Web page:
Crafts and Occupations
At first most of the Trojanovice inhabitants earned their living by herding sheep at the sheep folds. Thus for example the top of Radhošť was deforested until 1835 and sheep grazed there. In that year the forestry office had the Radhošť slopes forested and in this way ended mountain farming in Trojanovice. Herding sheep was superseded by agricultural economy in Trojanovice clearings. Local dwellers originally had to work as woodcutters, clear forests, fertilize the clearings. Gradually they moved on to agricultural economy. The land was not able to sustain all inhabitants, so they had to look for other ways of earning their living. Small farmers used to combine farming with working in local textile factories, or went to work as seasonal reapers in Haná. Many men found employment in factories in Moravská Ostrava, Vitkovice and Kopřivnice. Those who did not leave the village earned some money as woodcutters. In winter people from the clearings supported their families by handicraft, such as weaving, wickerwork, woodcarving etc. Collectivization interrupted small farming and today it is virtually extinct. At the moment Trojanovice registers 52 homesteads. The other inhabi-tants commute to work, mostly to Frenštát p. R.
Folklore Ensembles and Music Bands
All towns and villages in Moravia and Bohemia have their own customs, traditions and dialects. Trojanovice, a village on the edge of the Hukvaldy domain, was opened to a number of influences. It was especially in the 18th century, that we can witness mixing of the Lachian and Wallachian element, The village can be rated as ethnographically mixed, even though the inhabitants declare themselves to be Wallachians. In the 20th century folklore traditions started to disappear quite fast and nowadays we find them only at public festivals in songs, dances and folk costumes.
The long-time and complicated process of settling the region cau-sed the fact that there never was a pure Lachian nor Wallachian dialect in Trojanovice. It gave rise to the local mixed dialect which had and still has features of both the ethnic groups. This dialect is still used by the descendents of Trojanovice emigrants to Texas.
Trojanovice costumes are simple, practical and traditionally Wallachian. Men's trousers had narrow legs and were grey, blue or purple in colour.
"Bruncleks" (waistcoats) were green, dark brown, blue, purple and red (rarely). "Župice" (coats, cloaks) were green. Leather flats called "krpce" were traditional footwear. Men wore low, flat hats, decorated leather caps and black or brown fur caps. The belts were made from leather and were long, even three times around the waist; they were decorated with tin studs and their buckles were made from brass. The men wore free stock shirts. embroidered around the neck in red or blue thread. The costumes for women consisted of even more garments. Women wore dark blue cloth shoes or leather "krpce" (fiat shoes) with red leather straps. The woollen stockings were dark blue or black. "Rubáš" (a long shirt worn under all other garments) was made from fine and soft linen with black embroidered wide sleeves. Over the shirt women wore a red or dark purple "kordulka" (a kind of bodice or waistcoat). "Přednice" (apron) was dark blue, made from blue-print linen; it covered "kasanka" (two aprons, one tied from the front. one from the back, together they form a kind of skirt). which was made from richly pleated white linen with decorative underlining on the back apron. "Šatka" (a scarf) was white with cream-coloured embroidery; married women had to wear a bonnet. which was blue with white embroidery. "Mřežka" (ladder stitch) was white linen embroidered with white thread. „Úvodnica" (large ceremonial embroidered scarf) was traditionally worn by women who were carrying their baby to the christening ceremony; it was made from white linen and the embroidery thread was cream yellow. In winter women used to wear woollen shawls in various colours. Traditional folk costumes were frequently worn until WWI, later on they were used for festive occasions only.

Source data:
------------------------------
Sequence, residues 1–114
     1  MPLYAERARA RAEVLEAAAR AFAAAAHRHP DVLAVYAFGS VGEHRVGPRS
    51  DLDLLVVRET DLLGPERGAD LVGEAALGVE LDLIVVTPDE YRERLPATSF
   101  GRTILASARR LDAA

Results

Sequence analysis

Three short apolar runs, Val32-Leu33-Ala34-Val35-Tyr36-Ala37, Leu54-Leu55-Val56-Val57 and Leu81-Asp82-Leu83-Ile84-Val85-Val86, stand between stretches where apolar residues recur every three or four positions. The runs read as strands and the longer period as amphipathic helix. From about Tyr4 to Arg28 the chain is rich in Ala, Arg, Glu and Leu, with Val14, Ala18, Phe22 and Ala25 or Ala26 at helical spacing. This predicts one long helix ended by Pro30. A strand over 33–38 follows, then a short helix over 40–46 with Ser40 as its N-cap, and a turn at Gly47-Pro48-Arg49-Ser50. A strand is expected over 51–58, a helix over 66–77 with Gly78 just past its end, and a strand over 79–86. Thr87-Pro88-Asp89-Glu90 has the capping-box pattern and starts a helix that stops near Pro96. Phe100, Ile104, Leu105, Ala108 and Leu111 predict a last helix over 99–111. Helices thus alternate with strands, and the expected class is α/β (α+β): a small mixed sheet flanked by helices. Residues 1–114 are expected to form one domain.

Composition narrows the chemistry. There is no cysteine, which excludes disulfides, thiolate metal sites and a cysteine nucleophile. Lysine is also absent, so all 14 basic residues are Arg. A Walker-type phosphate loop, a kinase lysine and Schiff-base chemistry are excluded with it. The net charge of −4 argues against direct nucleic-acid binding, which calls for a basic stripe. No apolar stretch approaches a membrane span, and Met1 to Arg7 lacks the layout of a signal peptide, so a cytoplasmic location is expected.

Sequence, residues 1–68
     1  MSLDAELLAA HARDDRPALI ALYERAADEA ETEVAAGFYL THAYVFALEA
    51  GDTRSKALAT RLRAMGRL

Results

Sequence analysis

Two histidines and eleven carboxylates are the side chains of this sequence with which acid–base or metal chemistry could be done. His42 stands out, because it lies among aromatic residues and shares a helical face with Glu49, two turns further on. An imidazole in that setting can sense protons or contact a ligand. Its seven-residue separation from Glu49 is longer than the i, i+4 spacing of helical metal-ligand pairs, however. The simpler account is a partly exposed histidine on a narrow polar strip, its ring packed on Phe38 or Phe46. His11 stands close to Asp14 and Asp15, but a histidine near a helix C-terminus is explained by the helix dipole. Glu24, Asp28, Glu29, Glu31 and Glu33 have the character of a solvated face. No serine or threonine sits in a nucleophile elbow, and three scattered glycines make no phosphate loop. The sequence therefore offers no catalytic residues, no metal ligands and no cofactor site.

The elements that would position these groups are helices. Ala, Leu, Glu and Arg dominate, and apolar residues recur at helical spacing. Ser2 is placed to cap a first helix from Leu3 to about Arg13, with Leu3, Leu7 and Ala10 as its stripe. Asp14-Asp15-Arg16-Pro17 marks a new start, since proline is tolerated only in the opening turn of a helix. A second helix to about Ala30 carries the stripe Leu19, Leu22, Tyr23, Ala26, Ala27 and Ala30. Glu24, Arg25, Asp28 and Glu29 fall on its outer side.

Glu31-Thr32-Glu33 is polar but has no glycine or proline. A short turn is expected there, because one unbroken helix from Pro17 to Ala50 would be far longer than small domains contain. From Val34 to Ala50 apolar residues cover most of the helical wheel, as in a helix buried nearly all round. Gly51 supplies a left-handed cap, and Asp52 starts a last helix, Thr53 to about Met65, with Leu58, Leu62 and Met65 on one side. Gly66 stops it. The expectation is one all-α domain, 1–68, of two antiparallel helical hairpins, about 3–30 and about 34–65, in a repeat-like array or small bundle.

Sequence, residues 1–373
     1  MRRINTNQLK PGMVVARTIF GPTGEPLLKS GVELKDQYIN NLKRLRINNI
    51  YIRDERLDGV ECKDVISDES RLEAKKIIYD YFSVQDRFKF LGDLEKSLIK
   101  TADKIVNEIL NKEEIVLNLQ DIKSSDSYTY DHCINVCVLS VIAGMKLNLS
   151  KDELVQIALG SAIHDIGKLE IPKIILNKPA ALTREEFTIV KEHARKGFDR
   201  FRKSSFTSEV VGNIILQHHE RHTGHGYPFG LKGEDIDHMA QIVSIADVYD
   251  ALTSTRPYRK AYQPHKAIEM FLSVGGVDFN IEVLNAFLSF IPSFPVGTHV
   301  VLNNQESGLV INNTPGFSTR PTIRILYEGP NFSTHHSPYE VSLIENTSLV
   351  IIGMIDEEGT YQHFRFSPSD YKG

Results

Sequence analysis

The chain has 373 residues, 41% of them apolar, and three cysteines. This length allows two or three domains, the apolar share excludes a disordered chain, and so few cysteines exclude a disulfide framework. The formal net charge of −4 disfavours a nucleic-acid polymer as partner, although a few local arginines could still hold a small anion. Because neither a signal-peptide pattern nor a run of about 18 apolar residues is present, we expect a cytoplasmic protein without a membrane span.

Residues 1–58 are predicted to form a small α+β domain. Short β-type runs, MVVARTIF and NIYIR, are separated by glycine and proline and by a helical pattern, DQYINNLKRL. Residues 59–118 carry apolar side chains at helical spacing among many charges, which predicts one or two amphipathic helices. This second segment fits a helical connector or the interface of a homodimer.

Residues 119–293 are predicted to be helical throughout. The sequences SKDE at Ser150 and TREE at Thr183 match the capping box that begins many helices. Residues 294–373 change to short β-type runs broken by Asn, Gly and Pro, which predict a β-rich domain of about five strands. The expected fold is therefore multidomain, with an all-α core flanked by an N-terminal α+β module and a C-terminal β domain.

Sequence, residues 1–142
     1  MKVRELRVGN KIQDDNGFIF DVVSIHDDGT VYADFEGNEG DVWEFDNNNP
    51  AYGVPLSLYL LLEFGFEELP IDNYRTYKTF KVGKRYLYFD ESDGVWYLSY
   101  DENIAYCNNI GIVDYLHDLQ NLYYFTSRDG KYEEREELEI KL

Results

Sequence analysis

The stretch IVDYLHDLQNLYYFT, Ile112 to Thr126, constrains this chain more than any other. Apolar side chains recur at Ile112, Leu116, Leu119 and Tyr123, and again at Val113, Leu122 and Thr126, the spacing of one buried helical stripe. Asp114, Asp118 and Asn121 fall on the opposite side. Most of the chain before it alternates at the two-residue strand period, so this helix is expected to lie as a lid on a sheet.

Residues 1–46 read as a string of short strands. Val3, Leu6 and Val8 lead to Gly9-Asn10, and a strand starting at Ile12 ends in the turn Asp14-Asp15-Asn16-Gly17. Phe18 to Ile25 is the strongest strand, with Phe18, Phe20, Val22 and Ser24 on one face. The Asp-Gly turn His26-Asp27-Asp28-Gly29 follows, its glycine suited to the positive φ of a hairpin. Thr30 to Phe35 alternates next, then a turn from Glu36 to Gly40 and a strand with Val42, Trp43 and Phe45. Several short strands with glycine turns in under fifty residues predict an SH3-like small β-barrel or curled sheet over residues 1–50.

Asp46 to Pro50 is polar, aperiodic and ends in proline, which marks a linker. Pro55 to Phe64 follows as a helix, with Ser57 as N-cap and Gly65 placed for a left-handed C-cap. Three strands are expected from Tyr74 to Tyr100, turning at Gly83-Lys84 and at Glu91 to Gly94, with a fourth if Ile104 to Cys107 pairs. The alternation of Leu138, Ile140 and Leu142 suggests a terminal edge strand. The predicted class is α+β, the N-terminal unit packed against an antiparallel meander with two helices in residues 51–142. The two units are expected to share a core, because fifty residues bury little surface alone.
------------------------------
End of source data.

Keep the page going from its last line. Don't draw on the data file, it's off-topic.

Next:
Folk Song and Dance Ensemble Radhošť
This Wallachian song and dance ensemble, a member of Folklórní sdružení České republiky (The FolkloreAssociation of the Czech Republic) and Valašské Folklórní sdružení (The Wallachian Folklore Association), has been active in Trojanovice since 1950. Its programme is based on songs and dances from the north of Wallachia and its performances are connected with the meeting of folklore ensembles "Prameny" and with cultural events in the village and in its neighbourhood. The members regularly organize the Wallachian Ball, take part in the Frenštát Folklore Festival and the ensemble's music band performs at "Meeting of the music bands of the Wallachian Kingdom'. In recent years the ensemble delighted audiences at festivals in Strážnice. Rožnov pod Radhoštěm. Bulgarian Burgas, Austrian Ybbsitz, in various cities in Poland, Greece and Texas, USA.
Songs and Dances from Trojanovice
Folk songs form part of the oldest culture heritage of Trojanovice. Some are two hundred years old, some are even older. Their melodies and lyrics are witnesses to the old times which they describe. They were born in the mountains and on their heather and blueberry slopes, in the deep valleys, under shingle and tar roofs of the homesteads and in their rosemary gardens.
Pod Radhoščem v Pasekach
Pod Radhoščem v Pasekach, pekna lipa kveťe,
libu voňu vydava, vydava, široko po světě.
Aj vydava,vydava,vydavati budě,
dokavaď ten syneček, syneček, na tej službě budě.
Chodival k nam, chodival, z kancelařa pisař,
klobouček premovany pentlami jak nějaky cisař.
V jednej ruce kalamař, v druhej ruce pero,
chtěl aby ho zapsala, zapsala do srdečka svého.
Kdybys ty byl mladeněc jako sem ja panna,
dala by ti ten věnec, ten věnec, kery nosim sama.